I thank you for the opportunity to raise this matter. That I received a telephone call from the Department asking what I was getting at is a sad indictment and testimony to the lack of understanding of the impact which the loss of 320 jobs has had on a town such as Dundalk. I was astounded last Thursday evening when I saw the "Six-one" news. I do not for one minute begrudge the employees in Packard the excellent efforts which have been made on their behalf in regard to the Tallaght task force report. The Minister of State, Deputy Rabbitte, announced he has approved the Tallaght task force interim report and that it now awaited the Government's approval. Perhaps the Minister would give an indication as to whether the Government has approved this report.
It is a fine report in that £2.1 million has been allocated to assist the former employees of Packard in their plight. The loss of 320 jobs in the Dundalk area is equal to, if not more devastating than the loss of 800 jobs in Packard in Tallaght. I was surprised to see the chief executive officer of the IDA launch this interim report. This is in stark contrast with what has happened in Keytronic in Dundalk, where we asked for a similar type task force — the Minister is aware of this request — for the Dundalk area and a trust fund for the former employees of Keytronic who are to be laid off in probably worse conditions given the redundancy and other issues relating to the Packard employees. On the one hand we have a report asking for and securing £2.1 million from the Government to assist the former employees of Packard and we get nothing from the Government and the State agencies in respect of Keytronic. We are thankful for the EPC project in Dundalk but there is no connection between the two issues.
I accept that we cannot dictate to EPC about the employees it should take on, but the Government is putting its shoulder to the wheel in retraining former Packard employees. A new company is proposed for Dundalk but efforts are not being made to retrain former Keytronic employees so that they might have a chance of recruitment in the new facility.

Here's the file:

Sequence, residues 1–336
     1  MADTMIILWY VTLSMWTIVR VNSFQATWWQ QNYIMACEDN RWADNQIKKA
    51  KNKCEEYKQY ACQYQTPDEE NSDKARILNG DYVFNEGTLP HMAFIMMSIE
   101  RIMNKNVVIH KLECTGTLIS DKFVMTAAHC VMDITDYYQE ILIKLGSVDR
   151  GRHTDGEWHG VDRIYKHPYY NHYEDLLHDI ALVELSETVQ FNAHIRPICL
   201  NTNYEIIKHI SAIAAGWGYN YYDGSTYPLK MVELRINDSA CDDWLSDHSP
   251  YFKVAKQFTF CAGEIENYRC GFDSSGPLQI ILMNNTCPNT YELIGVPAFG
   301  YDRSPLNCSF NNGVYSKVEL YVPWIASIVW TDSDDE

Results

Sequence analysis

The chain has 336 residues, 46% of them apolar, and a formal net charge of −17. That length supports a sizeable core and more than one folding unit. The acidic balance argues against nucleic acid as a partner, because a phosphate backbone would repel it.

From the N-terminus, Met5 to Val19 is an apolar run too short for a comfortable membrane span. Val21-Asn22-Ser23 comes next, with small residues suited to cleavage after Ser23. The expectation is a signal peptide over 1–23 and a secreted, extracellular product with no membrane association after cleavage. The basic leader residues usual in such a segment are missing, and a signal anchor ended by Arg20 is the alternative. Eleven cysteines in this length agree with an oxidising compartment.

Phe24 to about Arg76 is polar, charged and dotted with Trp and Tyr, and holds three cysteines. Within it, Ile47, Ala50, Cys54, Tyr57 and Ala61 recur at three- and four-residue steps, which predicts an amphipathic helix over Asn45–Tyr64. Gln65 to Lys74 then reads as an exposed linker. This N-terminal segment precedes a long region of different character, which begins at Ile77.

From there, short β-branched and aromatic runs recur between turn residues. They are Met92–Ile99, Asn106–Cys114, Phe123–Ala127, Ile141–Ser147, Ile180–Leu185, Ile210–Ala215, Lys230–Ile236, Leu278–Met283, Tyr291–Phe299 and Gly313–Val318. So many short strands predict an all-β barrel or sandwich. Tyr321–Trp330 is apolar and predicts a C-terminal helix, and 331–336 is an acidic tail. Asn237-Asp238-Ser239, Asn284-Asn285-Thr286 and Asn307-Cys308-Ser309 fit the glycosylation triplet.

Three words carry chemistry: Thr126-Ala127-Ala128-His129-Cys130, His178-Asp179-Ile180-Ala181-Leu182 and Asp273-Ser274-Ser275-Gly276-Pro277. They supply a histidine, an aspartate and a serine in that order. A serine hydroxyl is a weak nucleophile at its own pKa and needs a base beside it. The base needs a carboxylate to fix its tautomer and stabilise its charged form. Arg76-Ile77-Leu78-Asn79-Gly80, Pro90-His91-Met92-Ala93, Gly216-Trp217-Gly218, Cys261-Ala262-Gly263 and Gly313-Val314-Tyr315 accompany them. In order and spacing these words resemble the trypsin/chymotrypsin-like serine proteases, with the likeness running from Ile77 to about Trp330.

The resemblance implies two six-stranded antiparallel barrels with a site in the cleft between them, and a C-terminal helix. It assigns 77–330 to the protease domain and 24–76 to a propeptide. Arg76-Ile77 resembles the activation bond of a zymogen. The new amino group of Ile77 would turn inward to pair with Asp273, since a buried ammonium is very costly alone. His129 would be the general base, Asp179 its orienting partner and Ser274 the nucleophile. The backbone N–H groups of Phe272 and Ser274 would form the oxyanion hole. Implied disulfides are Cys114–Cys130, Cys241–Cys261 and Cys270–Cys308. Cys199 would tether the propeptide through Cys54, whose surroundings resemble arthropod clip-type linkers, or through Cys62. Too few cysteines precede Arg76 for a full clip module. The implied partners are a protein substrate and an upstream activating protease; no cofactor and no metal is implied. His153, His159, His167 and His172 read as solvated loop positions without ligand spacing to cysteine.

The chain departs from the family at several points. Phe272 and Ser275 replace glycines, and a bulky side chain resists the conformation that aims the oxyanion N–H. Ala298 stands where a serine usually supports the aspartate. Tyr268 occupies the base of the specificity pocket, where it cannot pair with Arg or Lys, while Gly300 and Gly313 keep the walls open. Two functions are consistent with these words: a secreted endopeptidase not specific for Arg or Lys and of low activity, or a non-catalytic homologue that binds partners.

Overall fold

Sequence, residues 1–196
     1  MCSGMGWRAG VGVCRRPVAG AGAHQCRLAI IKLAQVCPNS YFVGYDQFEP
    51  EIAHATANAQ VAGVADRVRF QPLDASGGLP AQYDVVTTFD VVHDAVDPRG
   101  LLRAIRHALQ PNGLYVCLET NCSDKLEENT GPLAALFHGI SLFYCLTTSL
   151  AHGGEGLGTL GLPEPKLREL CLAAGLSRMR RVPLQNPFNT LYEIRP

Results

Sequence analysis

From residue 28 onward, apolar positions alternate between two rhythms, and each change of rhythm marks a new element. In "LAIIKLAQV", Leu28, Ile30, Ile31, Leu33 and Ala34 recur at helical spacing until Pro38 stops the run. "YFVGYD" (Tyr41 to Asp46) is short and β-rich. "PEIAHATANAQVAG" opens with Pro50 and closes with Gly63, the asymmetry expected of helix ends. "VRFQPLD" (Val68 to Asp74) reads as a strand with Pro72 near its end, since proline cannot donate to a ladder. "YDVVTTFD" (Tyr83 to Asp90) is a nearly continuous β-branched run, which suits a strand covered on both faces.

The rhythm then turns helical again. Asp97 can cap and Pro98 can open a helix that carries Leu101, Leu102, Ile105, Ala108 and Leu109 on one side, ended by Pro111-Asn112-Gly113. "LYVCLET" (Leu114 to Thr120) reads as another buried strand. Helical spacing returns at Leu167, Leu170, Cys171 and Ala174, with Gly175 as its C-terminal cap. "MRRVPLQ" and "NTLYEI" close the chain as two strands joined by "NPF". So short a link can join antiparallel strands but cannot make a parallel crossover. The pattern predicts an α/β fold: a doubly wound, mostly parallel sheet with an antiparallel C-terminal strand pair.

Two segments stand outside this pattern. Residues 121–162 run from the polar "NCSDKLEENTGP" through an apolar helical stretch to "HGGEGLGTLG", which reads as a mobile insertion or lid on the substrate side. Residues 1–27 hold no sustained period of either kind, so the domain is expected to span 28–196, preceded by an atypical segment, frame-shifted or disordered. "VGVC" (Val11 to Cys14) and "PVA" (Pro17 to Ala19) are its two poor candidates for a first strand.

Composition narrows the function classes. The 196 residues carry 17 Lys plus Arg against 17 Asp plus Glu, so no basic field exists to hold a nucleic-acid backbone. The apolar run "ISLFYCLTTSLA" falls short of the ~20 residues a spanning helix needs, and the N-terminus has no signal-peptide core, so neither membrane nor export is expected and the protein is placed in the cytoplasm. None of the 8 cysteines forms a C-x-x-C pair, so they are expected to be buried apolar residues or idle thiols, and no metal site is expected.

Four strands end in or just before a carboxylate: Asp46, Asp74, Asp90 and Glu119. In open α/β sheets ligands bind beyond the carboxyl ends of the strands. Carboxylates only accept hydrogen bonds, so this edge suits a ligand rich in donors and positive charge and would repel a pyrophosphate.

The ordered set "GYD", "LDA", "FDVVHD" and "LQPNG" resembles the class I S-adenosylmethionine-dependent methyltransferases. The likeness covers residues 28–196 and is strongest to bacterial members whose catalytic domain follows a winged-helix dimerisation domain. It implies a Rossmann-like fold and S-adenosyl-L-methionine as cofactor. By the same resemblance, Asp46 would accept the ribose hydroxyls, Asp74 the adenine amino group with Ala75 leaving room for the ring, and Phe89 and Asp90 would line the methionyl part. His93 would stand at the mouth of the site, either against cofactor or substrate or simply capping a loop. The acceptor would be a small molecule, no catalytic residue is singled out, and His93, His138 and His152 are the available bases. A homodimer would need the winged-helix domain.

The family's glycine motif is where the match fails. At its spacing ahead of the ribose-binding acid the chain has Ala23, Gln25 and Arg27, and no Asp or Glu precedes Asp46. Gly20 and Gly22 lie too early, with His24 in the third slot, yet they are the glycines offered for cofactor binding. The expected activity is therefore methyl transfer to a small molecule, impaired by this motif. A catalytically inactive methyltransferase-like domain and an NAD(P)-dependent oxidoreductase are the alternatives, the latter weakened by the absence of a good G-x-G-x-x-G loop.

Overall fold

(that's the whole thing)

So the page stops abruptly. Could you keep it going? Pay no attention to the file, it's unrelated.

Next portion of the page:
I am sure the Minister will say we have enough in Dundalk and that we should be happy. The employees of Keytronic are not happy and a trust fund, similar to that provided for the Packard employees, should be set up. In the region of £550,000 in the form of grants, interest free loans, counselling, retraining and so on is being allocated to help soften the blow in the Tallaght area. I ask for the same treatment for the town of Dundalk which has suffered greatly for many years. In recent years efforts have been made to build it up from a very poor base. In 1989 the then Government changed the rules from maximum grant status for IDA purposes which allowed business people in the area to invest in advance factories and Dundalk was held up as an example to other towns. Local investors invested money in advance factories which ultimately led to new industries in the area. Dundalk was also designated under the area partnership scheme and this has proved successful. I ask the Minister to ensure that the employees of Keytronic are treated in the same way as the employees of Packard. IDA Ireland, FÁS and other State agencies, including the Minister's Department, should work together to assist the employees of Keytronic.